LAS VEGAS — Imagine Fremont Street free of profane language.
Or a downtown Las Vegas landscape where cattle, horses, burros, sheep and goats run free.
These images are a far cry from the Las Vegas now known as a worldwide tourist destination, but they are part of its treasured past on display at the University of Nevada, Las Vegas.
“That’s a really fun snapshot of what Las Vegas looked like in 1911,” said Michelle Light, director of UNLV Special Collections and Archives, as she pointed to the first minute book of the Las Vegas City Commission. “There are really interesting ordinances and laws in there.”
The minute book, circa 1911-1922, is one of 50 “treasures” chosen for the Lied Library exhibit celebrating the 50th anniversary of the university’s Special Collections and Archives.
PRESERVING THE PAST
“In many cases, we often have the only copy, or the only photograph, or the only piece of correspondence in existence about southern Nevada history,” Light said. “In that sense, we are the resource if you want to study southern Nevada history.”
The exhibit showcases the diversity and uniqueness of the collections housed and safeguarded by the university, Light said. Some material — donated by individuals, families, businesses, and community groups and organizations — is so rare that it doesn’t circulate like everyday library books.
“Ours is unique,” Light said. “There’s nothing quite like it. I think that’s why we protect them so much, because if this disappears, there’s nothing really left like it.”
The items are snapshots of the materials used not only by UNLV students and professors. Scholars, journalists and filmmakers from around the world visit the Lied Library’s third floor for their research.
“If you want to study Las Vegas, or if you want to write a history book about Las Vegas, we are an absolute first stop,” Light said.
GLITZ, GLAMOUR AND GAMING
Nevada was associated with gambling before it was legalized in 48 states. So it’s only fitting that the first case of the 50th anniversary exhibit highlights the state’s largest industry.
One of the earliest card games played in Las Vegas — a faro board, circa 1900 — is on display. So is a 1950s Flamingo slot machine.
On the other side of the case, a photo of Frank Sinatra — taken by Hollywood director George Sidney in 1960 — is featured prominently.
“The Rat Pack is one of the most popular questions we get at our reference desk,” Light said. “You can see anything from candid photographs to the telegrams that went back and forth between the Sands and the Rat Pack performers. You can see a lot of the behind-the-scenes correspondence, business records that goes into making a show, making a performance. Those records are very fun to go through.”
While the Rat Pack — composed of Sinatra, Dean Martin, Sammy Davis Jr., Peter Lawford and Joey Bishop — is synonymous with Vegas entertainment, visitors can also get a sense of the diversity of Strip shows from the early days in the “entertainment capital of the world.”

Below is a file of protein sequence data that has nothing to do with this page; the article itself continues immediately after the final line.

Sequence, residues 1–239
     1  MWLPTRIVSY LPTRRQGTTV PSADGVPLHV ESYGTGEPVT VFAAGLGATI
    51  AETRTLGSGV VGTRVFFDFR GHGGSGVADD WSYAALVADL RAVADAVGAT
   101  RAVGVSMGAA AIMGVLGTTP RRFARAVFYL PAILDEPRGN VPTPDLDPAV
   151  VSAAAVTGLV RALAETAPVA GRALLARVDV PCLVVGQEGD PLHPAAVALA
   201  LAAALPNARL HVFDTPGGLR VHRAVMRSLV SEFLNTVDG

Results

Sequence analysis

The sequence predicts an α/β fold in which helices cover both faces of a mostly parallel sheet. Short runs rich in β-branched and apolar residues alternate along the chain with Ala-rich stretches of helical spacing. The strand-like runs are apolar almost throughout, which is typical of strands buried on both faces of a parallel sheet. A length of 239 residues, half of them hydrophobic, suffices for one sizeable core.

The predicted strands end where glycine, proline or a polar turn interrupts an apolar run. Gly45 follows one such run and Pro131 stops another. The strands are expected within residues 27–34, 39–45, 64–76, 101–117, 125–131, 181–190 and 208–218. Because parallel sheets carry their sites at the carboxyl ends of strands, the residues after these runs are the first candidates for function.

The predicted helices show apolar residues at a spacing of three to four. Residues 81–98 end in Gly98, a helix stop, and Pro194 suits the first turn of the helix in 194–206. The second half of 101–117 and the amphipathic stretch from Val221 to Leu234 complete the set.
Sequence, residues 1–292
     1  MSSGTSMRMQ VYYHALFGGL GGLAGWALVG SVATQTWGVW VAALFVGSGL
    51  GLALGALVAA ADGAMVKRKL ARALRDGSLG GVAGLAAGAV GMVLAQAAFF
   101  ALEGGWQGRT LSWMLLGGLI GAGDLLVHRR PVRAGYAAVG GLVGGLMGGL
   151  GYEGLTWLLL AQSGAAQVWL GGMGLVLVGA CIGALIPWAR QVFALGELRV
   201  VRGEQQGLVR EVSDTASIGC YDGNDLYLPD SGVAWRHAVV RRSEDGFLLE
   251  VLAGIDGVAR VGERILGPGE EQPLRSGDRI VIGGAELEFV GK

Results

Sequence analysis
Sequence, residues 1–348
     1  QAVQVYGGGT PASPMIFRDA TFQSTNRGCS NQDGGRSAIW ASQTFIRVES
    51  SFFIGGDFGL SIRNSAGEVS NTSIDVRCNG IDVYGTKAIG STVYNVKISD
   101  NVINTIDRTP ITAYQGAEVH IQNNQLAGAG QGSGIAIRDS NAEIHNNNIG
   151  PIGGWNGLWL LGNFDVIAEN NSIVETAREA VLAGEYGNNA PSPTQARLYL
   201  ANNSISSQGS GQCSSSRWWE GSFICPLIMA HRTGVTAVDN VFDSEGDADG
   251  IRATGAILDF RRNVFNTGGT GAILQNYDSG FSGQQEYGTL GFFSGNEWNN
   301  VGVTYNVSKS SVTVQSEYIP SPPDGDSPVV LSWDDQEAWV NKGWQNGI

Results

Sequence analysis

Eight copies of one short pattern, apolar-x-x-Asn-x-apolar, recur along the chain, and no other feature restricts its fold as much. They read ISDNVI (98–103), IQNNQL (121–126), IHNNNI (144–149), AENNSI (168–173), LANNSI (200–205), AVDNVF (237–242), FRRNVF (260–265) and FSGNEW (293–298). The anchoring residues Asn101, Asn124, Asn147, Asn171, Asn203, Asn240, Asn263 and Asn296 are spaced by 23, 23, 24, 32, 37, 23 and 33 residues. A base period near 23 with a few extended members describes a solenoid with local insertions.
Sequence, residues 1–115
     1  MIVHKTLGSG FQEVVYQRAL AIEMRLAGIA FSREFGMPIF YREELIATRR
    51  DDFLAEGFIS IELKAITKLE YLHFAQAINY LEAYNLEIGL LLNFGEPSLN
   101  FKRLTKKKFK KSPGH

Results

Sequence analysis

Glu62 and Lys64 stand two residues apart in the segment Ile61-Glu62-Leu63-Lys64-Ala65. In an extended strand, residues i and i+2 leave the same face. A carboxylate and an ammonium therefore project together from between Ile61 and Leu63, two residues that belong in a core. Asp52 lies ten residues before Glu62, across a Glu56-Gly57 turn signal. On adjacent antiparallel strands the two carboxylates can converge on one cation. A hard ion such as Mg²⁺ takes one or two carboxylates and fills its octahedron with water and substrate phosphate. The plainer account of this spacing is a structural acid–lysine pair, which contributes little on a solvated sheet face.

“This wonderful program for the ‘China Doll’ revue kind of reveals some of the diversity on the Strip that a lot of people aren’t familiar with in terms of entertainment,” said Su Kim Chung, co-curator of the “Glamour, Glitz, and Girls” case.
Pink, blue and gold colors pop from a set design diorama for “Pink Champagne” in Le Folies du Liban, brightening the case.
“This is one of my favorite cases because it’s so vibrant, so colorful,” Light said.
WATER AND EARLY LAS VEGAS
One of Light’s favorite pieces comes from 1927.
It’s a promotional brochure from the Las Vegas Chamber of Commerce advertising the city as a place with a limitless water supply, ripe for farming and ranching.
“When you open it up you see fields and crops, and there’s a totally different sales pitch for what Las Vegas offered back in this period,” Light said. “When you would sink a well, water would just sprout up like it was oil — there was so much pressure underground.
“EVENTUALLY, THE WATER RAN OUT”
The other side of the case describes how precious a resource water is in the desert. An ordinance from May 31, 1950, prohibited lawn sprinkling from 9 a.m. to 6 p.m. and midnight to 5 a.m.
“This is the period when people started worrying about the decline of water and its future availability,” Light said.
Item No. 25, however, trumps all others in the exhibit, Light said. It’s a digitized replica of the photographic record of the construction of the Hoover Dam — the engineering marvel that helped to make southern Nevada habitable.
The photographs were taken by a Bureau of Reclamation employee and presented to the Six Companies, the consortium that built the dam.
“We couldn’t put the original out, because it’s one of a kind,” Light said. “We think there’s only three copies in existence.”
Information from: Las Vegas Review-Journal, http://www.lvrj.com